Back to School Tips for Parents
Wow, how is it already the end of July?! Summer sure does fly by fast. Hopefully your child has kept busy with some good summer activities that let him enjoy some time off but also keep his mind and body sharp.
For those of us living in Texas, the school year seems to start much earlier than other places. Usually by mid-August students are preparing for their first day back. Today I want to talk to you, parents, about what you can do now to help ensure a smooth first day back for your student and set him up for a year of academic success.
Whether your student struggles with learning differences or just needs a little extra push to get back into school mode, these 6 tips can help start the school year off on the right foot.
1. Schedule a Physical
Physicals are often times required for students to attend school, particularly if they participate in athletics. Even if a physical is not required, it’s still a good idea to have your child examined by his pediatrician once a year. Summer provides a great time to do this as scheduling is almost always less demanding during July when you don’t have to balance school and other activities.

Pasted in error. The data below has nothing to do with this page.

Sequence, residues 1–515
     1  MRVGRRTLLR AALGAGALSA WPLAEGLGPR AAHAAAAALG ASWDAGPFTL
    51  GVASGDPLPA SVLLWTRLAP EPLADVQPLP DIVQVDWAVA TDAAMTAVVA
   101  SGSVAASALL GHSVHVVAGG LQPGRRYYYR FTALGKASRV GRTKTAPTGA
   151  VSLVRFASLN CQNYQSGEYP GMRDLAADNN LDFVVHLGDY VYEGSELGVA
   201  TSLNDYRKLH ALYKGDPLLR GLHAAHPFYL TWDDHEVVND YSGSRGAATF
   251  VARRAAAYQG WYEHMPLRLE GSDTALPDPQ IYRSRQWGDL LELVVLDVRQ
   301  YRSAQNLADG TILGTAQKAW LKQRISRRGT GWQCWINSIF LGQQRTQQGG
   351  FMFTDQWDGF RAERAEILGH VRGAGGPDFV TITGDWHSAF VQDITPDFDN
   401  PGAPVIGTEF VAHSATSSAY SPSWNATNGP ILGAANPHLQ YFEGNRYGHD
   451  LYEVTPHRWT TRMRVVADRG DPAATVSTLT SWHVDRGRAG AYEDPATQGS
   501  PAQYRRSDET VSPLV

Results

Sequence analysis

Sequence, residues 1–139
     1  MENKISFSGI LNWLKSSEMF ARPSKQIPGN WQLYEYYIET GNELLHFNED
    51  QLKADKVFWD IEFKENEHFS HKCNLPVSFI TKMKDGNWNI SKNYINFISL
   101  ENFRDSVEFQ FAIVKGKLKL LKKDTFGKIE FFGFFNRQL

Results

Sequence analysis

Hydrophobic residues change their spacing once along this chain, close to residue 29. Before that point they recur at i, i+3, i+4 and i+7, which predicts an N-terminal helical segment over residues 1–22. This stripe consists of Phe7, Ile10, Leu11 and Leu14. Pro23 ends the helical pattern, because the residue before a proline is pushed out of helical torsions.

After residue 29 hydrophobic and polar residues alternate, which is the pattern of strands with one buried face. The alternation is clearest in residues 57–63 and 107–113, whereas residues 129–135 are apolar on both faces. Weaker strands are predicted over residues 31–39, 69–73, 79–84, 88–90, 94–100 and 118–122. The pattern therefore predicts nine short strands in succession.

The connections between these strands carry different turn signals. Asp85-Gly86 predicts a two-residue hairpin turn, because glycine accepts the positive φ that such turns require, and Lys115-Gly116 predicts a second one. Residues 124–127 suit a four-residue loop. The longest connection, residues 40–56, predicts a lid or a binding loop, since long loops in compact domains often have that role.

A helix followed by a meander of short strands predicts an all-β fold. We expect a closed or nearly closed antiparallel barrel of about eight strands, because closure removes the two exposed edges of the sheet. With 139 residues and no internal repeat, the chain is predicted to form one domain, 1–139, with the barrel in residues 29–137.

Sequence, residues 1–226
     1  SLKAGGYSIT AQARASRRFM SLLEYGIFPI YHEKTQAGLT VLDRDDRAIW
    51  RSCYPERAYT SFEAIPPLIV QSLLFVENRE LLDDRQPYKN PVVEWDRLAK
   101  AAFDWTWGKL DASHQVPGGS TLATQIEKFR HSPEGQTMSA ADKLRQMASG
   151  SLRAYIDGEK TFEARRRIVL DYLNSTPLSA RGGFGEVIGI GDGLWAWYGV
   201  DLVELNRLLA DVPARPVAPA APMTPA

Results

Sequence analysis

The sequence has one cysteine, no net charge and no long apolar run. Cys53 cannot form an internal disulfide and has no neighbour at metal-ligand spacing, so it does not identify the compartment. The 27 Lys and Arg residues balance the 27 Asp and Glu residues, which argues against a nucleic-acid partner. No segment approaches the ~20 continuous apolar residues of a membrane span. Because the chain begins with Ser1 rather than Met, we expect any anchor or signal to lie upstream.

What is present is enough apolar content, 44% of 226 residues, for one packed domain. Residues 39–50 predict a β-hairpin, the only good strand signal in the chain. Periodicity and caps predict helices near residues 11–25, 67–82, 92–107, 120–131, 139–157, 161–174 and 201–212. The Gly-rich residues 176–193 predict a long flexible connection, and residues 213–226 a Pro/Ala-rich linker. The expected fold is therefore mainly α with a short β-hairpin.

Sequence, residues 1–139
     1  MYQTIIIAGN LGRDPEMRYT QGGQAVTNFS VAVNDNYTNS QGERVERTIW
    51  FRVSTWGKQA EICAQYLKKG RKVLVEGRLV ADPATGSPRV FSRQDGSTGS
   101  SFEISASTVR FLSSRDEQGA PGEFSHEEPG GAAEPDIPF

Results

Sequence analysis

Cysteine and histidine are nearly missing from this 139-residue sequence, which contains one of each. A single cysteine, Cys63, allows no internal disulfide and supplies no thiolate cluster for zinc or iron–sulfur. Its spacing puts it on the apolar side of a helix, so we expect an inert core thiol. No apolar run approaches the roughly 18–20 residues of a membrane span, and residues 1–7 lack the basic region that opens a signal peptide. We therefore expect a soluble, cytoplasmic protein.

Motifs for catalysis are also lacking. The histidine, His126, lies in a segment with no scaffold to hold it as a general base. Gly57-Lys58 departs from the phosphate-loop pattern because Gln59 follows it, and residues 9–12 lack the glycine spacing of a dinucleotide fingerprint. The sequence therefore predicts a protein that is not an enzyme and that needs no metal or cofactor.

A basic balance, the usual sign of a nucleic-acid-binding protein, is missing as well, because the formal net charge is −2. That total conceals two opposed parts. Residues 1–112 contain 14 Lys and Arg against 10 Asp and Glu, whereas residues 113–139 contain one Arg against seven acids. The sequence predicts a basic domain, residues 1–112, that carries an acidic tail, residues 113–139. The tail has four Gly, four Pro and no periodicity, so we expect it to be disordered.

If you think your student may have some educational-impacting difficulties, it is also a good idea to discuss this with your pediatrician. Your student may be a good candidate for an evaluation to determine if he has a learning difference such as ADHD, dyslexia, or and auditory processing disability. The sooner you can receive a diagnosis, the quicker you and the school can put some things in place to help remediate his learning difference.
2. Update/Set Up a 504 or IEP Plan
If your student does have a diagnosed learning difference, it is wise for you to set up a 504 or IEP plan. I have written about 504 and IEP previously, and now is the time to contact your school’s counselor to discuss this if you have not already done so.